The genesis of this article lies in this particular experience of the conference: concern that in Australia feminist collective activism is being destroyed through one of the most popularly represented emerging ideas of contemporary feminism. There is no doubt that the collective aspect of first wave and of second wave feminism made them powerful movements in a modern society. 11 A reasonable corollary of this recognition for many feminists is that individuality will produce atomisation and weakness. 12 Feminists who believe that their collective activism is an important source of power that they cannot afford to give away are alarmed at what appears to them to be the contemporary disappearance of a capacity for feminist collective action. Yet, I will argue that, in their responses, as I have laid them out in the foregoing paragraphs, some concerned feminists are restricting the concept of feminist collective activism. In doing this they are denying themselves the opportunity to recognise emerging strengths for what they see as a now-struggling movement.
Some of the expressions of concern about collective activism which restrict feminism in this way reflect ahistorical perspectives. 13 One ahistorical perspective in the discussions assumed feminine experiences rooted in gender, race and/or class are ‘natural’ rather than a result of the pressures and ideas of a particular period. Another ahistorical perspective incorporated the notion of feminism as a progressive movement. ‘Gains’ made by one generation would be automatically handed down to the succeeding generation which would continue to develop them. Both these ideas lend themselves to the possibility of imagining that there has been a degeneration in some essential femininity so that future feminism(s) must necessarily be weaker. A reassertion of the notion Joan Scott explores in ‘The Evidence of Experience’, that the social subject (and this term includes the collectively activist feminist) is the outcome of both social shaping and lived experience, is timely here.14 From this basis, Scott discusses the necessity for historicising lived experience. She points out that useful history is interested in looking at the reasons for social change in ways which ensure it ‘is not a project of the reproduction and transmission of knowledge said to be arrived at through experience’. Instead, it will analyse ‘the production of that knowledge itself’. She argues that ‘[s]uch an analysis would constitute a genuinely nonfoundational history, one which retains its explanatory power and its interest in change but does not stand on or reproduce naturalised categories’. 15 Scott’s perspective provides a basis for thinking in a historical way about how powerful collective activism became a feature of past successful feminisms in Australia. This focus on the historical roots of a social characteristic serves as a lens. It reveals the multiplicity and diversity of influences feeding into the ‘natural’ public collective activism which was such a feature of Australia’s second wave feminism. Ideally, its use encourages exploration of the potential for collective activism in post second wave feminism. Furthermore, it may even, indirectly, lead to highlighting other emerging feminist strengths. It offers a perspective on current youthful feminism and activism which is less limited than the natural and/or progressivist approaches.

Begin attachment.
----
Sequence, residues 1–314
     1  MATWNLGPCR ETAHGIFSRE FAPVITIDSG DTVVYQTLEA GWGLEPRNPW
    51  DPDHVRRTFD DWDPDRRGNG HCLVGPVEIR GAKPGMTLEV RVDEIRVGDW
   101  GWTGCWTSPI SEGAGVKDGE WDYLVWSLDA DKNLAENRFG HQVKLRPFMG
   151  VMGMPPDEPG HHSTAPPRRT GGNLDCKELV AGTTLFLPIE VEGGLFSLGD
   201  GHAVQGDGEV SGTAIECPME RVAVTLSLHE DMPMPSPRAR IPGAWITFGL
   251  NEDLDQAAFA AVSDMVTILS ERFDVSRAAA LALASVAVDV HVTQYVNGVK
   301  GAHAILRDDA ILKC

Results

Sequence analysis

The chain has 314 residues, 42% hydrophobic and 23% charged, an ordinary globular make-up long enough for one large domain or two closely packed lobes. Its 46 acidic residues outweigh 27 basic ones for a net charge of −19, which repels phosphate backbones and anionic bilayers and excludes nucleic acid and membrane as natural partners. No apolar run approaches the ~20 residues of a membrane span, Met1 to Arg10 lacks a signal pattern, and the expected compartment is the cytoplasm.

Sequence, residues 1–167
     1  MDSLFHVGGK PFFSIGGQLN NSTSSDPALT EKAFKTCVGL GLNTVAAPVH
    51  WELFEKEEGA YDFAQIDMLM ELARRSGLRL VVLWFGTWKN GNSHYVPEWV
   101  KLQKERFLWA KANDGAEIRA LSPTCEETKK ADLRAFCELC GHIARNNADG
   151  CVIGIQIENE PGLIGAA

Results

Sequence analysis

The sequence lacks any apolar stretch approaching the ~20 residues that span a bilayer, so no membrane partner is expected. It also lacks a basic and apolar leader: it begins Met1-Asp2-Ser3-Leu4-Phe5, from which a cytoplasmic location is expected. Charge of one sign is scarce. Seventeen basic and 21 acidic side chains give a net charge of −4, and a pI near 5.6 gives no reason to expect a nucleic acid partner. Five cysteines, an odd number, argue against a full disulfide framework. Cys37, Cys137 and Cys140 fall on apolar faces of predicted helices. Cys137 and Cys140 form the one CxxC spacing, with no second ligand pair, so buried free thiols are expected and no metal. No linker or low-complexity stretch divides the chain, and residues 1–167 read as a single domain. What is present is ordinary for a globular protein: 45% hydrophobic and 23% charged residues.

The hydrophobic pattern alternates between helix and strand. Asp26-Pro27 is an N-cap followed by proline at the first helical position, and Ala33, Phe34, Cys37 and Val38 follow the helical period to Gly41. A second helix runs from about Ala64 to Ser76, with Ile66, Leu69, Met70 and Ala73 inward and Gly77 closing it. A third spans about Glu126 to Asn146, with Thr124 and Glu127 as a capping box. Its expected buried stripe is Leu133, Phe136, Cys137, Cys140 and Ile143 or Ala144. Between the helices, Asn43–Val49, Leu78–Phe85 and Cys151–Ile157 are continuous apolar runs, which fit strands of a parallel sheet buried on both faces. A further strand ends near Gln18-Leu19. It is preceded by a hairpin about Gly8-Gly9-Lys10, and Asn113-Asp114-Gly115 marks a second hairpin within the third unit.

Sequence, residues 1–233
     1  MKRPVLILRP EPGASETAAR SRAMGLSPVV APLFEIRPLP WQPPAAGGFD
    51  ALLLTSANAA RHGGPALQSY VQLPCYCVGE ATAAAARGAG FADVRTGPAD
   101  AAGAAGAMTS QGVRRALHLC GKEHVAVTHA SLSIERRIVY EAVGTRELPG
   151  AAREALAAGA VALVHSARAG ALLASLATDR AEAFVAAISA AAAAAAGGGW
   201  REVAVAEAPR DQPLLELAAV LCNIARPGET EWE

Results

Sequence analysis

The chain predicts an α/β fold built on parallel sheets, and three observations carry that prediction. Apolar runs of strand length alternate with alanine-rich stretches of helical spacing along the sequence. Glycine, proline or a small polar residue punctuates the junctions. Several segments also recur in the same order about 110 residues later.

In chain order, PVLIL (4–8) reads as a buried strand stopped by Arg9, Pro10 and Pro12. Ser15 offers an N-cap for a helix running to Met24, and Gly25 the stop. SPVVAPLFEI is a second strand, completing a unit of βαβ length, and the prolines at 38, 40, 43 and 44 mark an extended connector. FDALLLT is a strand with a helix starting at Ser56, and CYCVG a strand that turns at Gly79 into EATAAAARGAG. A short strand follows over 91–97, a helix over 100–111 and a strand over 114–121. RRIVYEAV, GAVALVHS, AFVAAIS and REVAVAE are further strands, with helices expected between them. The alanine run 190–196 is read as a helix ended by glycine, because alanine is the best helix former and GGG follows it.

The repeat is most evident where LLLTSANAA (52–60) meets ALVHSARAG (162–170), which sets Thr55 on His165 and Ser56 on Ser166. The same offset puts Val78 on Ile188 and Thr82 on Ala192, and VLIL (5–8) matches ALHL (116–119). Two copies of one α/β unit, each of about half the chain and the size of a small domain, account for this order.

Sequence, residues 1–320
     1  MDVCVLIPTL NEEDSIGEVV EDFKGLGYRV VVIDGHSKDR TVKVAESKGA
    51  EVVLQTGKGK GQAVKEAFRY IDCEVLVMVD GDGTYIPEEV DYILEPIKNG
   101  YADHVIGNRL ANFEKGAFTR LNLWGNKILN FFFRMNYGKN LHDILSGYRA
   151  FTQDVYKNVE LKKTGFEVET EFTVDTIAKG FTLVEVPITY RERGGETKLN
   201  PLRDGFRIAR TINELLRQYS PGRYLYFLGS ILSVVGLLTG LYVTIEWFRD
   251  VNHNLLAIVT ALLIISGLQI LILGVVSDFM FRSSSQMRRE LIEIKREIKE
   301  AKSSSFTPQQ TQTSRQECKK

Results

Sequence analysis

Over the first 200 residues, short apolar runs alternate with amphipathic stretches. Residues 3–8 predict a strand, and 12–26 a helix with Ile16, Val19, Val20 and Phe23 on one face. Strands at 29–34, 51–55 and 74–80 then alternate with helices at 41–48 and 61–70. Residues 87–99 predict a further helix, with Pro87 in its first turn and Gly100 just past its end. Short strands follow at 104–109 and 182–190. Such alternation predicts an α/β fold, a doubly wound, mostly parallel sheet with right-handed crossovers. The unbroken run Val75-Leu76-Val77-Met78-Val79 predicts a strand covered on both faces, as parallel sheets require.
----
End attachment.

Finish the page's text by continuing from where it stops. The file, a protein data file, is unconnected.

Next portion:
The social and personal influences which fed into the Australian second wave feminist identity as a community of women publicly active in the cause of feminism can be historicised. Historicisation is a perspective tied to the notion of history as the study of points of change in a particular period. E P Thompson has shown us how the eighteenth century movements among the common people, as well as those recognised as powerful, can lead to socio-political change. 16 So a historicised perspective can focus on subtle, multiple and diverse influences contributing to the socio-political dynamism of a particular period. The significance of subtlety and diversity can be overlooked in a society besieged by the superficial, normalising analyses of the popular media. Moreover, as we accept the media’s normalising conclusions we also reinforce the values of dominant patriarchal interests affecting representations through this channel. The premise behind this article’s encouragement to historicise feminist collective activism is that western societies are patriarchal societies. 17 In such a society dominant patriarchal forces will not voluntarily shape women into feminist collective activism. Neither will these forces accept or encourage such activism when it has developed to the point of encroaching on their power.18 The destructive response of dominant patriarchal interests to the feminist collectivism it perceives as a powerful counter-force is part of the dynamism of history. Equally, Australia’s second wave feminist collectivism emerged in the first place in a patriarchal society. This, it should be kept in mind, is also part of history’s dynamism.